Superheroes in Honeywell lockout – Metropolis, Ill., at the uranium conversion plant.

November 15, 2010

From the Nov.-Dec. 2010 issue of News & Letters: “Superheroes in Honeywell lockout” – Metropolis, Ill. at the uranium conversion plant.

Superheroes in Honeywell lockout

Metropolis, Ill.–As you approach the tiny town of Metropolis, as far as 25 miles out you begin to see the lawn signs declaring “Proud Supporter of USW Local 7-669.”

Metropolis is known as the place with the larger-than-life Superman statue outside city hall. But the over 6,000 residents know their town should be more famous for the Honeywell plant–the only uranium conversion plant in the U.S.

The milled uranium product known as yellow cake that comes from the mines is transformed at Honeywell into UF6 gas, a fuel used to power nuclear power plants, in a four-step process that involves some of the most dangerous chemicals known to man. Thus it is not surprising that 42 workers have died of various cancers and another 27 have contracted cancer in recent years. A few workers have received severe hydrofluoric acid (HF) burns. Honeywell denies any connection between their production process and workers’ ailments.

During contract negotiations that began last spring, workers sensed that Honeywell wanted a strike. Honeywell’s final offer asked workers to accept a practical elimination of the seniority system, the right to contract out jobs and replacement of the pension plan with a lump sum payment plan.

Most concerning was the demand to substantially increase workers’ healthcare premiums, co-pays, and deductibles by thousands of dollars annually and the complete elimination of retirement healthcare.

When the union announced their willingness to continue to report for work past their contract expiration date in the hopes of reaching a settlement, the company seemed frustrated. On June 28 the company locked out its union workforce.

Honeywell brought in replacement workers weeks before the lockout. Given fears that scab workers would not be welcome in town, they are housed 40 miles away in what union workers call “scab city.”

But because the scabs lacked the training necessary to operate a nuclear fuel processing plant safely, the Nuclear Regulatory Commission (NRC) prevented the company from performing the final two steps of the production process. Honeywell couldn’t produce a saleable product.

It was hard for Local 7-669 to understand why the company was willing to go to such expense in carrying out the lockout. But then they discovered a “force majeure” clause in the company’s contracts with their customers, which provided that a strike or lockout could allow Honeywell to break those contracts.

The company was locked in at a price of $5 to $6 per kilogram of UF6, while the current market price for UF6 is closer to $11 or $12. Could Honeywell be using the lockout to command a higher price?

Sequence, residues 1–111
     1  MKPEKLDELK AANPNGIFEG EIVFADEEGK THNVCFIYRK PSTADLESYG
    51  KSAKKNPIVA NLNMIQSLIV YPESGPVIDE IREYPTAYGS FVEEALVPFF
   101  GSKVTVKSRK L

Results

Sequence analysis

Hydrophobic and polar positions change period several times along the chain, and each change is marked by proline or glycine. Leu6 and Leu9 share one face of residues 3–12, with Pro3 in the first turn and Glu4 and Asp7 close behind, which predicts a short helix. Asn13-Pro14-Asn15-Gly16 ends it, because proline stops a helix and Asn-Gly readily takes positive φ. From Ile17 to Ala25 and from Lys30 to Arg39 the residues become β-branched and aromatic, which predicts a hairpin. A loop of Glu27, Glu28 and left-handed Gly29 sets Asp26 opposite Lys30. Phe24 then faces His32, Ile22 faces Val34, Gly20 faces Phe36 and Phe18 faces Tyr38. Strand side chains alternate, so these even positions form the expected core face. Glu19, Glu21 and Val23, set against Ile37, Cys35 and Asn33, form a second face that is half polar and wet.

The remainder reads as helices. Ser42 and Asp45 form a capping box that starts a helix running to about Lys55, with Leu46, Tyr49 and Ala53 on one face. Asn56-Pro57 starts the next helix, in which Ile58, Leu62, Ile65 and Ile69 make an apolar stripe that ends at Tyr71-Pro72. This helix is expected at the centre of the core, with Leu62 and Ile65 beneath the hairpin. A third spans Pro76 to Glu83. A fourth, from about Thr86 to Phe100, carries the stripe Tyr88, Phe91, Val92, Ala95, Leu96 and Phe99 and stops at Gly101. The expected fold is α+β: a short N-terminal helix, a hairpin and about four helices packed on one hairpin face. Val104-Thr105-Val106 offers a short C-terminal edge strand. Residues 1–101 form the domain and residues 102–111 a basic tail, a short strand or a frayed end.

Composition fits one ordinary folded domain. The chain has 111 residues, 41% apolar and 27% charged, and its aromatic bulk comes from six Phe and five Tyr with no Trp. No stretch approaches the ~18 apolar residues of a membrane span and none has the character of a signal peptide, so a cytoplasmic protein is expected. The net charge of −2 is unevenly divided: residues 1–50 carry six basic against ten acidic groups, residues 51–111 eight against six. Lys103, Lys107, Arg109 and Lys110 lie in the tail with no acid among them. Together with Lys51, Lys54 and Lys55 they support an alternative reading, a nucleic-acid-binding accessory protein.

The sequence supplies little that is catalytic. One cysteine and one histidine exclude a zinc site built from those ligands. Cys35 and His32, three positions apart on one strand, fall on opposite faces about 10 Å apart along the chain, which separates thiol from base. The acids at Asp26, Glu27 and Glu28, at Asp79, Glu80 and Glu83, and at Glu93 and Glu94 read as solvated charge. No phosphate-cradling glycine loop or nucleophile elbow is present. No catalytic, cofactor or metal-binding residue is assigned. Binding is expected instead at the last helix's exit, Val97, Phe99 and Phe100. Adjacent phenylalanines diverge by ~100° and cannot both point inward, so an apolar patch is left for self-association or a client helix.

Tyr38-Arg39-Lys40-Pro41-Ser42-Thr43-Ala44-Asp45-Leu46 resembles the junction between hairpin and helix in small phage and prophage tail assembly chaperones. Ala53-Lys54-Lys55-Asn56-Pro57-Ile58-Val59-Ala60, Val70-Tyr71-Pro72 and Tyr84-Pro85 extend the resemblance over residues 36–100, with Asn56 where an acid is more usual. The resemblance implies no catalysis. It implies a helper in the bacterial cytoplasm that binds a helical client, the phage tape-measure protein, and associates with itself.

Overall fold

Meanwhile, the toxic substances processed at Honeywell are a danger not only to Honeywell’s workforce, but to the entire town and region. Once in the 1960s and again in December 2003 there have been accidental releases of HF at the plant. In the 2003 incident, 75 homes had to be evacuated.

On Sept. 5, with NRC’s okay, the company attempted to resume full production. But that same afternoon a loud boom was heard for miles. NRC officials confirmed what the workers expected–that in bringing the plant back on line, the company had blown up one of the fluorine scrubbers.

Local 7-669 was preparing for a labor action for months prior to the lockout. A key element was the creation of Contract Action Teams. They also stocked a food pantry, school supplies and baby care items. These preparations sent a message to management that the local was not going to give up without a fight.

Management began plant distributions of a leaflet titled “Just the Facts.” Immediately the union countered with “Just Some More Facts,” styled to be nearly identical to the company flyers, but demolishing their arguments.

Honeywell sent a mailing to employees’ families arguing that union members needed to make concessions or lose their jobs. The union mailed out the actual contract proposal that explained why they could not accept the contract.

In the past, the negotiating committee worked largely behind closed doors, only consulting with the members when they reached an agreement with management. According to a worker, “Now everything is done out in the open.” That has been a key element of their strong solidarity.

The workers seem convinced that, given the uniqueness of their specialized skills, the company will find it impossible to replace them permanently. And federal labor law forbids permanent replacements in the case of a lockout.

But as the conflict wears on, the company is slowly bringing production back on line. As of Sept. 10, Honeywell had restarted production with the NRC’s blessing. In the meantime, the well-being and perhaps the continued existence of a small Illinois town on the Ohio River are endangered.

–Jerry Mead-Lucero

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